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In addition to approving resolutions affirming the restructuring of an existing New Mexico Finance Authority loan, and minor name revisions for a previous New Mexico Environment Department grant agreement, Elephant Butte City Councilors attended to several internal structural and procedural matters during the board’s January 20 regular meeting. 

Once again, in compliance with current health restrictions, the council’s regular session was conducted electronically and coordinated through the city’s administrative offices.



Mayor Edna Trager opened discussion and possible action, relating to a previously expressed desire of the council to consider reducing the membership of the city’s planning and zoning commission (P&Z). The mayor noted a suggestion to reduce the alternate members from two to one, and indicated councilors needed to decide to make this move or to leave the membership numbers as they stood.

P&Z chairman Nathan LaFont was attending and told the council he felt the present five-member, one alternate, arrangement was working well. He emphasized the P&Z’s past challenges have had more to do with conflicting administrative directions, lingering legal questions and outside contractor issues, than board attendance, or functionality concerns. In this regard, LaFont said the P&Z might better benefit from the hiring of a full-time professional, or the contracting a consistent firm, to aid the city in drafting codes and resolving related legal concerns.

Aside from six months of meetings in 2020 being cancelled out of respect for COVID-19 health restrictions, LaFont said the P&Z has experienced no issues with attendance. Later, he noted the board has cancelled only one meeting for the lack of a quorum in the past nine years.

Councilor Travis Atwell stated his idea was that reducing the P&Z to three members and one alternate might help with an apparent lag in action city authorities frequently perceive. To this point, LaFont said he didn’t feel reducing member numbers would realize a quicker result. He told councilors the five member board actually aided progress, by allowing the often necessary research and leg work to be delegated among more individuals. LaFont explained how such efforts can often be very time-consuming and suggested placing such loads on a three-member board might not yield a quicker process.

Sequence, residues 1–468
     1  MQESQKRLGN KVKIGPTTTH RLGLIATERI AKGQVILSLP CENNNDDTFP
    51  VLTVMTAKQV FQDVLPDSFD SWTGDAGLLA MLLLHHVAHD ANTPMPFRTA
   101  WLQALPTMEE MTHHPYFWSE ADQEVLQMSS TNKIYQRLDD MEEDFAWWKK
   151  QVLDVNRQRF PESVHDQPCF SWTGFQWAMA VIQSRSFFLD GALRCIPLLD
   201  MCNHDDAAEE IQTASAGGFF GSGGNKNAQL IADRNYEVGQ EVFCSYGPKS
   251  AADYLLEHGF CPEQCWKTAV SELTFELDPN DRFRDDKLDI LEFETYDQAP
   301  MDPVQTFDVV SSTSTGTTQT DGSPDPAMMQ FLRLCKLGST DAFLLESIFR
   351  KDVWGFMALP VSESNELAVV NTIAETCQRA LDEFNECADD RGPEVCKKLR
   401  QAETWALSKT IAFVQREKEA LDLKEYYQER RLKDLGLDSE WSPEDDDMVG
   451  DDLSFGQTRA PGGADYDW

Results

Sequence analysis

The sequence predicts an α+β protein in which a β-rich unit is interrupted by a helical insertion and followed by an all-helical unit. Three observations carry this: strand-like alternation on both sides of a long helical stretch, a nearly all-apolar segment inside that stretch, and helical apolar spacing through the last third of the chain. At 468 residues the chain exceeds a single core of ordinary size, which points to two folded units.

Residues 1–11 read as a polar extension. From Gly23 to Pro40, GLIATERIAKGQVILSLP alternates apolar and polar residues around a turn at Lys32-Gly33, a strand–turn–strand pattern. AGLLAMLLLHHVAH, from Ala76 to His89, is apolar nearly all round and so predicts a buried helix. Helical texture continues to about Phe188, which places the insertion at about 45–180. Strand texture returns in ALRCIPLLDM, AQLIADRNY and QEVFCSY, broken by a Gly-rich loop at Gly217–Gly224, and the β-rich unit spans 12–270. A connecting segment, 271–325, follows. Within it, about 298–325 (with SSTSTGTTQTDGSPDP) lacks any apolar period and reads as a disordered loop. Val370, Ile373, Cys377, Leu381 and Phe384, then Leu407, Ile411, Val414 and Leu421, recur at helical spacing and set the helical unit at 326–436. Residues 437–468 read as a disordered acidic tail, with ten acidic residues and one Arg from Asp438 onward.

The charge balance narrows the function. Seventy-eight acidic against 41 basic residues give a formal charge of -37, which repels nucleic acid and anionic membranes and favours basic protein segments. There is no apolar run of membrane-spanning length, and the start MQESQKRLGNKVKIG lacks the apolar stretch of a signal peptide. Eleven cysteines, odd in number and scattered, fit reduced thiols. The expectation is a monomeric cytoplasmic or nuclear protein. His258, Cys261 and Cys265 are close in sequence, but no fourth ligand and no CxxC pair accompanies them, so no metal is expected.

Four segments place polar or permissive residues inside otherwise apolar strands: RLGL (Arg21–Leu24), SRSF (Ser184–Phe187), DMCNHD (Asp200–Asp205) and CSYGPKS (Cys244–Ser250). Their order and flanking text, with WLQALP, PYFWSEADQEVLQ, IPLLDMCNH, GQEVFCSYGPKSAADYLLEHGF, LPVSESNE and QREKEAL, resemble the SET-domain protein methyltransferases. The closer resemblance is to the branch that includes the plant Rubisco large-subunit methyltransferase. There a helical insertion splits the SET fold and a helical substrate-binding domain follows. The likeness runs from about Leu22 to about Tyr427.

As discussion continued, councilor Michael Williams said he felt a three-member P&Z, with one alternate would be effective and was a good idea. In this regard, he also noted the receipt of a letter of resignation, apparently from a sitting P&Z member. 

While stating he would support a three-member board if the chairman felt it could be functional, councilor Gerald LaFont said otherwise his view was if the board was working, the council should leave it alone. 

With these points noted, Trager confirmed the administration’s desire to hire a qualified professional to assist the city with code drafting and related processes. The mayor told board members she would consult with city manger Vicki Ballinger in this regard to assure the city’s budget was sufficient before recommending any related action.

Following this statement, councilor Williams entered a motion to initiate an amendment to Ordinance No.155.006-8-2 reducing the P&Z to three members and one alternate, and upon advice from city attorney Ben Young, to move the measure to a public hearing for initial consideration. Councilor Atwell seconded the motion and board members joined in unanimous approval of the motion.